Erika Mouynes, Panama’s Minister of Foreign Affairs, wrote a report on June 24, warning that her country has identified dangerous individuals trying to blend in with the thousands of immigrants entering Central America daily to reach the United States. The minister called on the Biden administration to seek a long-term solution.

According to Mouynes, immigrants coming from Haiti, Cuba, Africa, and the Middle East, use the Darien Gap—a path through a dangerous jungle that runs through Colombia and Panama, to begin their journey to the United States and Canada.

“The Darién jungle is one of the last untapped tropical forests in the Americas, stretching more than 60 miles from eastern Panama to northern Colombia. It is so dense that it interrupts the Pan-American Highway,” the minister explained.

“Is considered one of the most dangerous stretches of jungle in the world. Migrants often make the journey through the area without food, water, or protection from wild animals and human and drug traffickers,” she added.

Currently, 1,000 migrants a day enter Panama from Colombia, but only 50 to 100 pass through, she explains, thanks to the strict controls applied by her government.

“A vast number of migrants crossing the Darién started their journey in South America, arriving through ports of entry in countries where visa requirements are less strict,” Mouynes says.

“As a result, members of terrorist organizations and sanctioned parties have found their way into Panama, where they are not permitted to enter in the first place. Panama’s biometric identification measures have recognized, and detained individuals linked to extremist groups attempting to pass through the country with migrants,” the minister warned.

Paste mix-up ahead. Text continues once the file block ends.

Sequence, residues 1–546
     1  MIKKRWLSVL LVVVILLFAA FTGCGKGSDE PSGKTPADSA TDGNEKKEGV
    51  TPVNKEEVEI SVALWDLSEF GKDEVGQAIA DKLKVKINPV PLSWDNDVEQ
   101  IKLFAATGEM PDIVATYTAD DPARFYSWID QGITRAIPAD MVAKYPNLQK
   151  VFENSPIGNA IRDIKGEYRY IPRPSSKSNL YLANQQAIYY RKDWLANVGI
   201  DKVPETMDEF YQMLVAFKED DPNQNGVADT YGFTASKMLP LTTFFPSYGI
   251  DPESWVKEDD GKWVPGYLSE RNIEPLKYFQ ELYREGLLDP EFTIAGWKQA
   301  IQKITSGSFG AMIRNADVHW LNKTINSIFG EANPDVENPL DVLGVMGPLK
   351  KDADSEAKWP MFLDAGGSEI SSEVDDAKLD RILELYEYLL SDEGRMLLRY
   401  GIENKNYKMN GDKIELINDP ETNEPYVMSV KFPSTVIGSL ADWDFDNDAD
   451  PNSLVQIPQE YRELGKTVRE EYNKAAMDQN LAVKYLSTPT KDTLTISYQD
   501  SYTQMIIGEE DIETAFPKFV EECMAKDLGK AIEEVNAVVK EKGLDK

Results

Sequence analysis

The official, while regretting that Vice President Kamala Harris did not visit Panama on her trip to Central America, urged the Biden administration to work together to seek a solution to reduce the flow of immigrants together with the other countries of South America, Central America, Canada, and the United States.

“The Panamanian government agrees with the Biden administration that the long-term solution to this uncontrolled and dangerous migration lies in addressing the root causes that compel people to leave their homes,” the minister said. “We look forward to collaborating with the United States and the countries of origin to combat violence and provide people with jobs, education, and security so they can prosper where they live.”

Although Harris said during her visit to the U.S–Mexico border that her focus was to target the ‘root’ of the immigration problem, to which the Panamanian minister referred, recent statements by senior Biden administration officials continue to encourage immigrants to return to the country.

An article published by the Marshall Project, a pro-immigration organization, titled ‘They were deported by Trump. Now Biden wants to bring them back’ says Biden will review thousands of deportations, allowing some immigrants to return to the United States.

“The officials say that many deportations, especially under President Trump, were unduly harsh” and that they “are working to devise a system” that will allow them to see who they can bring back into the country.

“The reviews will proceed on a painstaking case-by case basis, officials said. At least initially, only a very small fraction—perhaps thousands of more than 900,000 formal deportations under Trump could be reversed. But eventually, if the review system is effective, many more people could apply,” the article explains.

In the face of a clear open borders’ stance from the Biden administration, it is hard not to think that immigrants fleeing poverty in their countries end up being encouraged to risk their lives to enter the United States where the quality of life, even if they have nothing, is better than where they come from.

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